“…I consider it a great pleasure to be able to write this letter and hereby heartily and conscientiously endorse the Irving Chute to all.” 

My grandmother was six months pregnant with my father when my grandfather joined the Caterpillar Club with his successful bail-out! After he recovered from his injuries, my grandfather began his airline pilot career, flying the Ford Trimotor.  He was a copilot and a new father at the tender age of just 25.

His new son required a change of course and better risk management!  Thanks to both, almost 90 years later, his oldest grandson is still here to tell the story!

Published in History
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  1. JustmeinAZ Member
    JustmeinAZ
    @JustmeinAZ

    What a fun story!

    • #1
  2. JennaStocker Member
    JennaStocker
    @JennaStocker

    Too fantastic to not be true. I take that (new) bridge to the Fort Snelling Chapel where I married my husband. Your grandfather was quite a man. Thank you so much for enriching our lives with this story, and I think it’s safe to say he had enough sense (or luck) to stick around and raise a family.

    • #2
  3. Max Knots Member
    Max Knots
    @MaxKnots

    JennaStocker (View Comment):

    Too fantastic to not be true. I take that (new) bridge to the Fort Snelling Chapel where I married my husband. Your grandfather was quite a man. Thank you so much for enriching our lives with this story, and I think it’s safe to say he had enough sense (or luck) to stick around and raise a family.

    I’m grateful that you enjoyed the story.  He was definitely a “character” and my dad was a slightly subdued version of his father.  They both packed a lot of love and living into their time with us.  The older I get the more awed I am by the long string of ancestors and the massive number of choices and actions they took that made my existence possible, and by extension, the lives of my own sons.  There were so many times when something that turned out OK could have gone the other way and none of us would be here.  If that doesn’t make you grateful for life, would could?

    • #3
  4. Doug Watt Moderator
    Doug Watt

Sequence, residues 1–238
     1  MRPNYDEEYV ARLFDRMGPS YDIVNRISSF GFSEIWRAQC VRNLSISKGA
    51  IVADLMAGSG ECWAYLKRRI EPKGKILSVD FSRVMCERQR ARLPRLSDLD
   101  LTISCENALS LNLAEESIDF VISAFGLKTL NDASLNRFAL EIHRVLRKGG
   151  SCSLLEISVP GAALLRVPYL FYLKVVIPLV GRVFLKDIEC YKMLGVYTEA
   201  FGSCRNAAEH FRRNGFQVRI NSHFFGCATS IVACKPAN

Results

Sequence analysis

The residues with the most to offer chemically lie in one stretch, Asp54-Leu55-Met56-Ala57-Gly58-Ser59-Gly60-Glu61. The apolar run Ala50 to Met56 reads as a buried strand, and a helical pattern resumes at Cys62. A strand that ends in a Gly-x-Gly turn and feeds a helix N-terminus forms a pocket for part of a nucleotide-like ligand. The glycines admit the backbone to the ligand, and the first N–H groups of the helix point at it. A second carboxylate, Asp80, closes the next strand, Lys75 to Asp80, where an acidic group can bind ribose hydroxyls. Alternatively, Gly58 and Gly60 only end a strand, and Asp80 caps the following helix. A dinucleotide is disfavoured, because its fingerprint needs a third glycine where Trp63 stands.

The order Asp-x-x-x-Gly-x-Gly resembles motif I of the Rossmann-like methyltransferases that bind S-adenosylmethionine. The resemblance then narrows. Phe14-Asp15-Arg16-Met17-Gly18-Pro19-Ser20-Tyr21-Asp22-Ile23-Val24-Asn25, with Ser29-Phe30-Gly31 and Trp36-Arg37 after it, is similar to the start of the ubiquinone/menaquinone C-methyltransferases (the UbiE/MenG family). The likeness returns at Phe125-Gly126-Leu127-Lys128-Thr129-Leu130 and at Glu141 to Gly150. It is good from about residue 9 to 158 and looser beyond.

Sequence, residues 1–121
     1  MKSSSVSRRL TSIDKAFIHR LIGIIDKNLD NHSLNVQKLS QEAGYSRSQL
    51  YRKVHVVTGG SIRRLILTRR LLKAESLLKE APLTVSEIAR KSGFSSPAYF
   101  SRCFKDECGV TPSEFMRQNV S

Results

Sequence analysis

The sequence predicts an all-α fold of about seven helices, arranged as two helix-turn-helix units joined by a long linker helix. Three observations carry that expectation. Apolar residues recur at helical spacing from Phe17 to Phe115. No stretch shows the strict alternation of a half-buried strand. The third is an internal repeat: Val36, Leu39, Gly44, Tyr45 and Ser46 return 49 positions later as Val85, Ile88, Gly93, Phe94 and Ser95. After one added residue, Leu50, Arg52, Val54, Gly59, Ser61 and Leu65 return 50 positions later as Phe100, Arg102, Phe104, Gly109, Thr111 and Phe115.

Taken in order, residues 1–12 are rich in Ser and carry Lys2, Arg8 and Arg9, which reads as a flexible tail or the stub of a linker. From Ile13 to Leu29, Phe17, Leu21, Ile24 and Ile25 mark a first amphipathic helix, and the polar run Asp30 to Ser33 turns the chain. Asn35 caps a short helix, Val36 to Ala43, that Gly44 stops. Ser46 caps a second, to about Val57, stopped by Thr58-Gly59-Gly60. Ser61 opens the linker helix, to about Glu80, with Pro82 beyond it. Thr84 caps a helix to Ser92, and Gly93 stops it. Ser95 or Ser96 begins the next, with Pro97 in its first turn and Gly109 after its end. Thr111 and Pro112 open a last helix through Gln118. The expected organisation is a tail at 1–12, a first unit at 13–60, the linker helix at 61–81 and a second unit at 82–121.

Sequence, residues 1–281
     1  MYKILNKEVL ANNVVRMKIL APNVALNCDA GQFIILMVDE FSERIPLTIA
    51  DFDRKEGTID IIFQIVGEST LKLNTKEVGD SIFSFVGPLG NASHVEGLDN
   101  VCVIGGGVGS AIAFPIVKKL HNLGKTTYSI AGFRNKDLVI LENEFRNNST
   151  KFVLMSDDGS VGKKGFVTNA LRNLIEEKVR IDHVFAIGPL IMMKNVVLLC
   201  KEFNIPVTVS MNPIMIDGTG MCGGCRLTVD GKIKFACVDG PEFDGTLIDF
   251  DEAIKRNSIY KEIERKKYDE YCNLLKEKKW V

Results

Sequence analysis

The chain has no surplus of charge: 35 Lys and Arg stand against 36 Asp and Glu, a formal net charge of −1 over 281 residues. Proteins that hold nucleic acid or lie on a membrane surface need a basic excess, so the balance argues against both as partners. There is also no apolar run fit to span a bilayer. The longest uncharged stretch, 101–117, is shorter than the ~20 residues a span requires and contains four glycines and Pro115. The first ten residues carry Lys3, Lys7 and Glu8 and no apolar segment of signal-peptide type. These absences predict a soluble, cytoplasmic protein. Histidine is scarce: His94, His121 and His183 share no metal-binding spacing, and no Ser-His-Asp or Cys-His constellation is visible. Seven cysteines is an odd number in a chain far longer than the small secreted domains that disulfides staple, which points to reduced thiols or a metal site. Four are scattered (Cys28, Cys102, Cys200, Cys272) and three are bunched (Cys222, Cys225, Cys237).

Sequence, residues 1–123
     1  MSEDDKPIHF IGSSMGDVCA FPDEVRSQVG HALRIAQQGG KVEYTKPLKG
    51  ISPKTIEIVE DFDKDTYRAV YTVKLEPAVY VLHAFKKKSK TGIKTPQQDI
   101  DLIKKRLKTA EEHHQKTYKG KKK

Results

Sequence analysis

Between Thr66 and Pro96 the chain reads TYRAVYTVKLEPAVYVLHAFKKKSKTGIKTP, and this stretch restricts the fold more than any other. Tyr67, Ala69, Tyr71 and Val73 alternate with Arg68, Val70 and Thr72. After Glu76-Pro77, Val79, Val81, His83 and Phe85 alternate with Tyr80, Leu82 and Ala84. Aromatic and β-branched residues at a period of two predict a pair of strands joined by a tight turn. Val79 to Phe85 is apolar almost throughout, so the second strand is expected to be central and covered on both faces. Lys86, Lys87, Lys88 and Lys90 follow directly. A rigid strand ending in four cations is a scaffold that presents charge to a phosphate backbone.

@DougWatt

    Reminds me of Richard Bong:

    Richard Ira Bong (September 24, 1920 – August 6, 1945) was a United States Army Air Forces major and Medal of Honor recipient in World War II. He was one of the most decorated American fighter pilots and the country’s top flying ace in the war, credited with shooting down 40 Japanese aircraft, all with the Lockheed P-38 Lightning fighter. He died in California while testing a Lockheed P-80 jet fighter shortly before the war ended.

    On June 12, 1942, Bong flew very low (“buzzed”) over a house in nearby San Anselmo, the home of a pilot who had just been married. He was cited and temporarily grounded for breaking flying rules, along with three other P-38 pilots who had looped around the Golden Gate Bridge on the same day. For looping the Golden Gate Bridge, flying at a low level down Market Street in San Francisco, and blowing the clothes off of an Oakland woman’s clothesline, Bong was reprimanded by General George C. Kenney, commanding officer of the Fourth Air Force, who told him, “If you didn’t want to fly down Market Street, I wouldn’t have you in my Air Force, but you are not to do it any more and I mean what I say.” Kenney later wrote, “We needed kids like this lad.”- from Wikipedia 

    • #4
  5. The Reticulator Member
    The Reticulator
    @TheReticulator

    Great family story. Thanks for telling it.  I have some family history connections with the next bridge downstream, unless there was some other bridge between the Fort Snelling Bridge and the High Bridge in the 1920s. (There is now, for I-35.)  I don’t know if flying under the High Bridge would have been any safer, but your grandfather probably wouldn’t have had as good a chance to be observed by the base commander there!

    Michigan History magazine recently had a story about the first batch(es) of Tuskegee Airmen when they were training in Michigan, and it included a stunt like that, though I’m not at home where I can check it to see which bridge. It drew similar levels of appreciation from the commanding officer when he found out about it. That would have been early during WWII, and planes were a little different by then.